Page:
Saturday, June 4, 2016

A bike for Joshua

Over the years, I have tried quite a few bikes for Joshua.
I've had a number of different tricycles.   I got him a regular bike with training wheels.   He has had two different sorts of balance bikes.  We have even had a more specialised trike on loan.   But nothing so far has been 100% suitable for Joshua.
He had not been able to learn to pedal any of the bikes we had, and the balance bike was not a huge success either.  Although he can move himself along on it, he was always learning off to one side and it was very awkward looking.   He never wanted to do it for long as it was so much effort.
I kept hoping it was just a matter of time for him to learn to pedal one of the options we already had, but years have passed and we had still not made much progress in this area.

I decided it was time to look into getting Joshua something more specialised.   One of the motivating factors in doing so was the fact that the Physio recommended bike riding as being beneficial for Joshua in his post surgery exercises.   And another is the fact that Joshua still has funding money from the Better Start for Children with Disability Scheme.   This money needs to be used by his 7th Birthday or it's gone.  So I asked his Physio about getting him a bike of his own that was properly set up to meet his needs.   She was very quick to organise a trial for us of a bike she thought would be suitable.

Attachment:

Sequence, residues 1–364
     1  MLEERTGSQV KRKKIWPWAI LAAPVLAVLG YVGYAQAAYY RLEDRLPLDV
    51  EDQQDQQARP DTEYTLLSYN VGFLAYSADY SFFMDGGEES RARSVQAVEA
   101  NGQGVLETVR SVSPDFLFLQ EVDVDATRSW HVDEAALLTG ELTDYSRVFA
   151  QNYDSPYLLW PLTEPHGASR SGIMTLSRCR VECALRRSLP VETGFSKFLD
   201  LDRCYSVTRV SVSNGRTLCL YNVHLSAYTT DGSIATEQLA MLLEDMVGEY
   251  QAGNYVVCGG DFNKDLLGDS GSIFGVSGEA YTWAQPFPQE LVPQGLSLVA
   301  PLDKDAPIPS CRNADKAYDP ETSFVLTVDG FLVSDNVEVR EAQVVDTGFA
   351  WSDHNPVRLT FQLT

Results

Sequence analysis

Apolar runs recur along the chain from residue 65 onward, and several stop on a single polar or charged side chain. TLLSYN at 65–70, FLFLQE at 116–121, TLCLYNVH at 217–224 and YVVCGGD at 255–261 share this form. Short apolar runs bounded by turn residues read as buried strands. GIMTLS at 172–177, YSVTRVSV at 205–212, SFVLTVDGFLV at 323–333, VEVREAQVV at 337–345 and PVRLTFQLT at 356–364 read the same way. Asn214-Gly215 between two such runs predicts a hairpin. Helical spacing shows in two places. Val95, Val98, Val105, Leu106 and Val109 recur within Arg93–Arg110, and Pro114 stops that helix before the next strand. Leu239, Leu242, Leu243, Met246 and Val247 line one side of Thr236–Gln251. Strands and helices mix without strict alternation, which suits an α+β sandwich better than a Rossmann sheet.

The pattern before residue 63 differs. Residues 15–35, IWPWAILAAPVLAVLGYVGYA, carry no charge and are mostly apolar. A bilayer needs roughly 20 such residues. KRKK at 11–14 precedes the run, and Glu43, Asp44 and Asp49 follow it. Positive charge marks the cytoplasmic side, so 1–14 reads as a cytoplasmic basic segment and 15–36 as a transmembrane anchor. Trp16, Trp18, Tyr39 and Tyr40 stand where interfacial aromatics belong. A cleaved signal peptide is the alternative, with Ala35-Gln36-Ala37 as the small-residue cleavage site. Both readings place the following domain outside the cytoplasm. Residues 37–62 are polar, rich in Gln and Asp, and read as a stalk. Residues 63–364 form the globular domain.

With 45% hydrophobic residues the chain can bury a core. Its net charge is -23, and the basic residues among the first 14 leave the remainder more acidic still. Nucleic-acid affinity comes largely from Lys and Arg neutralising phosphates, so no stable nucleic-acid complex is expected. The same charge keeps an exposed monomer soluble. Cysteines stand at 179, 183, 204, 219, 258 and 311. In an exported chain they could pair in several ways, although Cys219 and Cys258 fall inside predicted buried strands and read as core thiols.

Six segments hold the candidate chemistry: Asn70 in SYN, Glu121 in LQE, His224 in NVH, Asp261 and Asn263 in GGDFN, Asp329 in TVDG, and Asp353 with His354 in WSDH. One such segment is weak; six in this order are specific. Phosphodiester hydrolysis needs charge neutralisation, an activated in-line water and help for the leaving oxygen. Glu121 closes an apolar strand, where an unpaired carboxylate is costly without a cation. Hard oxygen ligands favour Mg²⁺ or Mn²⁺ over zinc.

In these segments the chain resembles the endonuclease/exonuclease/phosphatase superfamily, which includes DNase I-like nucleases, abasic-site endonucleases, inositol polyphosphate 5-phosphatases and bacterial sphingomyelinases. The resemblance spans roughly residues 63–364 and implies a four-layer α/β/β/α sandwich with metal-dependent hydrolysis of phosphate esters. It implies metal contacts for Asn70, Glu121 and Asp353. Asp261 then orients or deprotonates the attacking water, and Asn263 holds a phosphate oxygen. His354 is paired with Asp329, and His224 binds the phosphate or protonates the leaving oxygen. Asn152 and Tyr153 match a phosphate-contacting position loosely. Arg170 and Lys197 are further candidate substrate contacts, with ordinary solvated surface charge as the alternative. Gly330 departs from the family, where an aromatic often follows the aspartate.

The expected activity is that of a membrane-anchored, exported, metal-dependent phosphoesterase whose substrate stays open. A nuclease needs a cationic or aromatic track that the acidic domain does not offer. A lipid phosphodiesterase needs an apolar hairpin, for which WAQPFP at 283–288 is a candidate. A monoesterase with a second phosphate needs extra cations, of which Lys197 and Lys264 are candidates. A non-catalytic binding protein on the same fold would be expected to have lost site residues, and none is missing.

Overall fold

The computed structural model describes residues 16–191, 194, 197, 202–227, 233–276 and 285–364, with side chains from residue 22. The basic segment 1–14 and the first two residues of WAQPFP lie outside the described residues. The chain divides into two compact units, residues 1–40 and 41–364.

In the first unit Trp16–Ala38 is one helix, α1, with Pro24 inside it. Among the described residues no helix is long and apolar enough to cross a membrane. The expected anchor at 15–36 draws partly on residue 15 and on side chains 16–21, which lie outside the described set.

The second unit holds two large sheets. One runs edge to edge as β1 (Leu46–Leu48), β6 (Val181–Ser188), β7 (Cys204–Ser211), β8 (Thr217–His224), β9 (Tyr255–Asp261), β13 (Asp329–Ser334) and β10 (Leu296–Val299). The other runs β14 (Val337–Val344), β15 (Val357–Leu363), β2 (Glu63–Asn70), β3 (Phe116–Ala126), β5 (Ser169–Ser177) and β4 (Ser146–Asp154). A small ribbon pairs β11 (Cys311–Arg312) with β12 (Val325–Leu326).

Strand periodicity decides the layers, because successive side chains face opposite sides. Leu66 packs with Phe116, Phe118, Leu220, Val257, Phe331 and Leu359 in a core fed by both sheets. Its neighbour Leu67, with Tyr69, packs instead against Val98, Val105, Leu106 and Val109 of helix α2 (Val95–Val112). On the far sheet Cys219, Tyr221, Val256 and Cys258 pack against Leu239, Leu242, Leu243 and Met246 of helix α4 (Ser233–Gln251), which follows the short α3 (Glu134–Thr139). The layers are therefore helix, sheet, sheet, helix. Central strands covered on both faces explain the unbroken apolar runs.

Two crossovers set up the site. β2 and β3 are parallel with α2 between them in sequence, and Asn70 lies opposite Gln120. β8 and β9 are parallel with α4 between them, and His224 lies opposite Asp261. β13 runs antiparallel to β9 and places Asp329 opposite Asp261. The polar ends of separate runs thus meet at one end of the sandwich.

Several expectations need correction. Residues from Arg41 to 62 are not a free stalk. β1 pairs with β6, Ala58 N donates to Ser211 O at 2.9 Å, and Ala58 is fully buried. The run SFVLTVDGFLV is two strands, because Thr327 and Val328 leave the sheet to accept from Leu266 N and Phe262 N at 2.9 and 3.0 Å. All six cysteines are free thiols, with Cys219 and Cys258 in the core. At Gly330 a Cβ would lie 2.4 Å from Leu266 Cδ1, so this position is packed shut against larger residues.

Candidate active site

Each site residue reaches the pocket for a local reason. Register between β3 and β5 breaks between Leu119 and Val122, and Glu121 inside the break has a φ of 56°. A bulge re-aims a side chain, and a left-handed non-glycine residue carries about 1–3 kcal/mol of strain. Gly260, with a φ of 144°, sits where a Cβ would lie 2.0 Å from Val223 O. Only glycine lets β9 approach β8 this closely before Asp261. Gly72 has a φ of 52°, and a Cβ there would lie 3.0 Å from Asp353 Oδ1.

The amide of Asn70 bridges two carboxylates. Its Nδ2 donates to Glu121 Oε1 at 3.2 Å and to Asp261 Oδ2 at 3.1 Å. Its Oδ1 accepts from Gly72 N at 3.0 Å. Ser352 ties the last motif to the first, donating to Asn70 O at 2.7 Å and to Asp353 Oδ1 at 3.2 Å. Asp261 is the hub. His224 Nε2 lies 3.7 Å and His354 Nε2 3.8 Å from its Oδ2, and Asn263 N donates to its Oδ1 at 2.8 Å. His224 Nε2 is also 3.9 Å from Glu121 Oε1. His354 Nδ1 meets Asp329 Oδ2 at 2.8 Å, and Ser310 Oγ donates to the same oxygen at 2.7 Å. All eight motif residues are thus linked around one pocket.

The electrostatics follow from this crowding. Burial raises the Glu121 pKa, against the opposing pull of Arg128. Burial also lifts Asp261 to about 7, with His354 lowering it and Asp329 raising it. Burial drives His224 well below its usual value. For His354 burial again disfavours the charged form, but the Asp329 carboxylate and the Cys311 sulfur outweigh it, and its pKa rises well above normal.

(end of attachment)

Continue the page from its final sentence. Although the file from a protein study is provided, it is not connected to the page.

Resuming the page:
Although the bike we trialed was the size up from what Joshua needed, it was very exciting as the potential for him to ride it was very clear, with him doing a few unassisted pedals.

Happy Boy at his Bike Trial

We got the quote made up and I was able to have his Private OT approve the purchase to be made using his Better Start funding.    Then we had to patiently wait for it to arrive!

The big day finally arrived yesterday, and Joshua got his very own bike!   

His bike is a Bodycycle Edge Tricycle in the 16 inch size.   Luckily, it was also available in his favourite colour - Green!    Bodycycle bikes are available with a number of different options to meet various needs.    

Here is the happy boy on his new bike!



Most obviously, it is a 3 wheeled tricycle because Joshua does not have the balance for a 2 wheeler.    I had initially thought that Joshua may need some back support but it turns out that Bodycycle have these great pommel seats (Which we got to trial when we did the trial)  They are nice and wide, so much more supportive for him than a regular saddle seat, which he tends to slide off to one side of.   He won't slide off this seat, and the pommel also helps him to keep his legs apart.  His right leg in particular tends to "internally rotate" which means the knee tends to lean in resulting in positioning that is not so great for trying to ride.  


Pommel Seat